Sunday, May 29, 2005

Rational choice theory and laws of war

In setting out versions of realism in the just war debate, a question is arising in my mind as to whether the academic literature is yielding a separate version of realism in both jus ad bellum and jus in bello based around rational choice theory. I am thinking in particular of Eric Posner's writings on this subject, such as his 2002 jus in bello paper, A Theory of the Laws of War, at SSRN, here, or his 2004 jus ad bellum paper, with Alan O. Sykes, Optimal War and Jus ad Bellum, at SSRN, here.

This is a bit of a pedantic exercise, I suppose; the rational choice modeling in this papers is just a version of realism, instrumentalism with a specialized vocabulary. Intellectual writing about war has always had this kind of theorizing - it's hard to see how very different it is from Thucidydes or Hobbes or Machiavelli or Morgenthau. To call rational choice theory in just war argumentation a separate form of realist argument might really be thought merely to be elevating a technical vocabulary over results. And, anyway, there is a certain sense that the standard template of law-and-economics tools - to a man with a can opener, everthing looks like a can - has simply been shifted to this new area, with something like cookie cutter results. Even the sophisticated technical game theory has already been done ad infinitum by game theorists, philosophers, mathematicians, and so on in the modeling games over nuclear war during the Cold War - I'm not sure that rational choice will add that much to the modeling already worked out then.

If there is a new element to it, it seems to me to lie particularly in the jus in bello area - an area neglected in any case by realist instrumentalists - and even more particularly in the concept of reciprocity in the laws of the conduct of war. Rational choice theory naturally emphasizes reciprocity as a condition of stable laws of war - it flows out of its instrumentalism most obviously, but also out of its underlying contractualist way of thinking, and in that there is both an instrumentalist impulse and a genuinely normative one.

Reciprocity has fallen into disfavor among those who regard themselves as the moralist-guardians of the laws of war - the ICRC, the human rights NGOs, de-militarized Western European governments - on the grounds that the laws of war are to be regarded as individual human rights, existent and enforceable as inalienable individual rights, without regard to whether the organized parties to a conflict, states or non-state actors such as Al Qaeda, follow them. It doesn't matter that the other side violates them, you must follow them because they are rights of the individual fighters, their human rights in war. This seems to me a recipe for instability in the laws of war, and their eventual decline into irrelevance - and this is a conclusion which rational choice theory would seem to support.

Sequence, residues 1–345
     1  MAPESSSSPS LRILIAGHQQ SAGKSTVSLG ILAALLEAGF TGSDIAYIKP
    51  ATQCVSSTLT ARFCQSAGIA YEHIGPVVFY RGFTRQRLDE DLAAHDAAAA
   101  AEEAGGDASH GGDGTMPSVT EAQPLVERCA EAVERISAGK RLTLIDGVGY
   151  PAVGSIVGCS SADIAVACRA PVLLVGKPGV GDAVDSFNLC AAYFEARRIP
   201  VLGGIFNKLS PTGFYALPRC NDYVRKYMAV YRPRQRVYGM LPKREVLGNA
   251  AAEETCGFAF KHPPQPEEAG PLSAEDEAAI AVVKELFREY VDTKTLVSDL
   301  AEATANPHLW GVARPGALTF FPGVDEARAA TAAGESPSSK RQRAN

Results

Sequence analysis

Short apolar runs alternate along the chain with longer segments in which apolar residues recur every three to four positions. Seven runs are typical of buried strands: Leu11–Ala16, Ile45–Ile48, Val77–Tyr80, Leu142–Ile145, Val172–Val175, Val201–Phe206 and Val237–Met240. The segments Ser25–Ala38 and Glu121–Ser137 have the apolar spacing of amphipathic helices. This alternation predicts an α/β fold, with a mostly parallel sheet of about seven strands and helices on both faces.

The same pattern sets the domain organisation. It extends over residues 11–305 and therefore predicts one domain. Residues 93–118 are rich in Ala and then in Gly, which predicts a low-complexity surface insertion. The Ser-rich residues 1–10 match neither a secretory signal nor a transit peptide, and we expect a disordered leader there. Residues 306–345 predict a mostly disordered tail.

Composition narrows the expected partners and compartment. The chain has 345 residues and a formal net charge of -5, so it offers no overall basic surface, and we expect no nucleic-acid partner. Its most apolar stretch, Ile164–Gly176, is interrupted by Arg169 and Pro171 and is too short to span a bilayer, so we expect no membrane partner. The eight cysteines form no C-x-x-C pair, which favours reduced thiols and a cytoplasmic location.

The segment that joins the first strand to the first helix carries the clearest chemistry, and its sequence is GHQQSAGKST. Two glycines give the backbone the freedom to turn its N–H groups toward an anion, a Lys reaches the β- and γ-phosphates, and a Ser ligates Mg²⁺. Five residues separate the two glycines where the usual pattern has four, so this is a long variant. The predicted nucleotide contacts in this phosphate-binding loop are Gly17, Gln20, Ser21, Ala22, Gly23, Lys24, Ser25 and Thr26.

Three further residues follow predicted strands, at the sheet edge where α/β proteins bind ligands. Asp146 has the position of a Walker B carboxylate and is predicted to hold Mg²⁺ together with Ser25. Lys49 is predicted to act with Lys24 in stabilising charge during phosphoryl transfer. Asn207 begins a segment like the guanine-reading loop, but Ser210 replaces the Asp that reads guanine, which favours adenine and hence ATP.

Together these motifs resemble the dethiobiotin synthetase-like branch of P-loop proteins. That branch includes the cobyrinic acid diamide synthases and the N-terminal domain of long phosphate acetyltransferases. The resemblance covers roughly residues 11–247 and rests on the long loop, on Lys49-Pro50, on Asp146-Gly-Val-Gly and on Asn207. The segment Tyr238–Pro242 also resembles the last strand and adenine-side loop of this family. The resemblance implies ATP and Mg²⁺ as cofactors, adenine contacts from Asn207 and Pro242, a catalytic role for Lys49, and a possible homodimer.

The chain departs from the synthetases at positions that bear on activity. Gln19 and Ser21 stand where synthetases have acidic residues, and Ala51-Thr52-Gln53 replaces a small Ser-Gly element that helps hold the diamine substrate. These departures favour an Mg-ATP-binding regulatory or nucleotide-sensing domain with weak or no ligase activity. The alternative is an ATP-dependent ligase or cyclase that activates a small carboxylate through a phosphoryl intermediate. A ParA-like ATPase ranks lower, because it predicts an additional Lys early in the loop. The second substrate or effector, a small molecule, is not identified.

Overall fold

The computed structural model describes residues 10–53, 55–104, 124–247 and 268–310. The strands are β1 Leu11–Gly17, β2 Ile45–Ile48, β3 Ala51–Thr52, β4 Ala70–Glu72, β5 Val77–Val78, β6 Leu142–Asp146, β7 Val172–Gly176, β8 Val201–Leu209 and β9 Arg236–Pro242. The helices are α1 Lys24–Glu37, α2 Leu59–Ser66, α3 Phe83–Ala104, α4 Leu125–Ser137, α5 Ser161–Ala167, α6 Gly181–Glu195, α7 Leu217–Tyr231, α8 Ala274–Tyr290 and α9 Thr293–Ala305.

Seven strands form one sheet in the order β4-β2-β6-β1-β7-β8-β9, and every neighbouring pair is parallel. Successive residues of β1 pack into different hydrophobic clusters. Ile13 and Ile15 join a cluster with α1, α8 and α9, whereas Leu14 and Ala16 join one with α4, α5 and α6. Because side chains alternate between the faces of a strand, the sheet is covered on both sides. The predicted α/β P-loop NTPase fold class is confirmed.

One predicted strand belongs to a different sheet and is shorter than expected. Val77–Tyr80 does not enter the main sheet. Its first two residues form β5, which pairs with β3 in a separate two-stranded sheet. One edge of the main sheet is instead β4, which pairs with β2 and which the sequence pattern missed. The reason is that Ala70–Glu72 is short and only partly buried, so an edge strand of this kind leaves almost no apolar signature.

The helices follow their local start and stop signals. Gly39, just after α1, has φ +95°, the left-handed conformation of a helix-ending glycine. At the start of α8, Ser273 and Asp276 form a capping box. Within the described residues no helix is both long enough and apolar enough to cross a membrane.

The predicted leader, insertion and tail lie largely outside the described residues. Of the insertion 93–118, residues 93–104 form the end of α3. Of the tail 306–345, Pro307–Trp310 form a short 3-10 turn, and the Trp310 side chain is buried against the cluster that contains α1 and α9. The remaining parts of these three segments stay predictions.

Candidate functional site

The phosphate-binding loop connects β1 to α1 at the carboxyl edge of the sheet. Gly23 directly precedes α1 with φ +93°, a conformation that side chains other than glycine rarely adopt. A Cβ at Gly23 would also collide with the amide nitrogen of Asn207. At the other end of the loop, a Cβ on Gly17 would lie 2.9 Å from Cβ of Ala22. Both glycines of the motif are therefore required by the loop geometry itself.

But of course rational choice theory understands the importance of reciprocity not as a moral theory, but rather as a theory predicting the decline and eventual irrelevance of non-reciprocal standards. The question is whether one should make out the argument for the substantive content of jus in bello, at least in broad outline, on grounds of reciprocity. I increasingly believe it should be made on grounds not just of predictive rationality, for what will happen, but that it is a necessary element of the moral argument - moral realism that says, stable and agreed upon laws of war are morally important, and hence reciprocity is essential because without it, they will fall into disuetude. NYU law professor Noah Feldman's essay against the Bush administration on torture, interrogation, and the laws of war, in the New Republic this week, here (reg. req.), seems to me to fall exactly into the moral trap that reciprocity cannot matter - Feldman walks into it quite knowingly and quite deliberately, as a kind of moral argument, but it does not seem to me that he solves in any meaningful way the problem of reciprocity and the laws of jus in bello. I'll blog more on that article later - it is a profound article, despite my disagreements with it, and requires more space.

So, in a proper survey of varieties of argument over the ethics of war, does rational choice theory need its own separate niche as a version of realism? Given the direction of the academic literature, likely yes.

1 comment:

Anonymous said...

I enjoyed your post. I have been wondering about this topic,so thanks for posting. I’ll likely be coming back to your blog...
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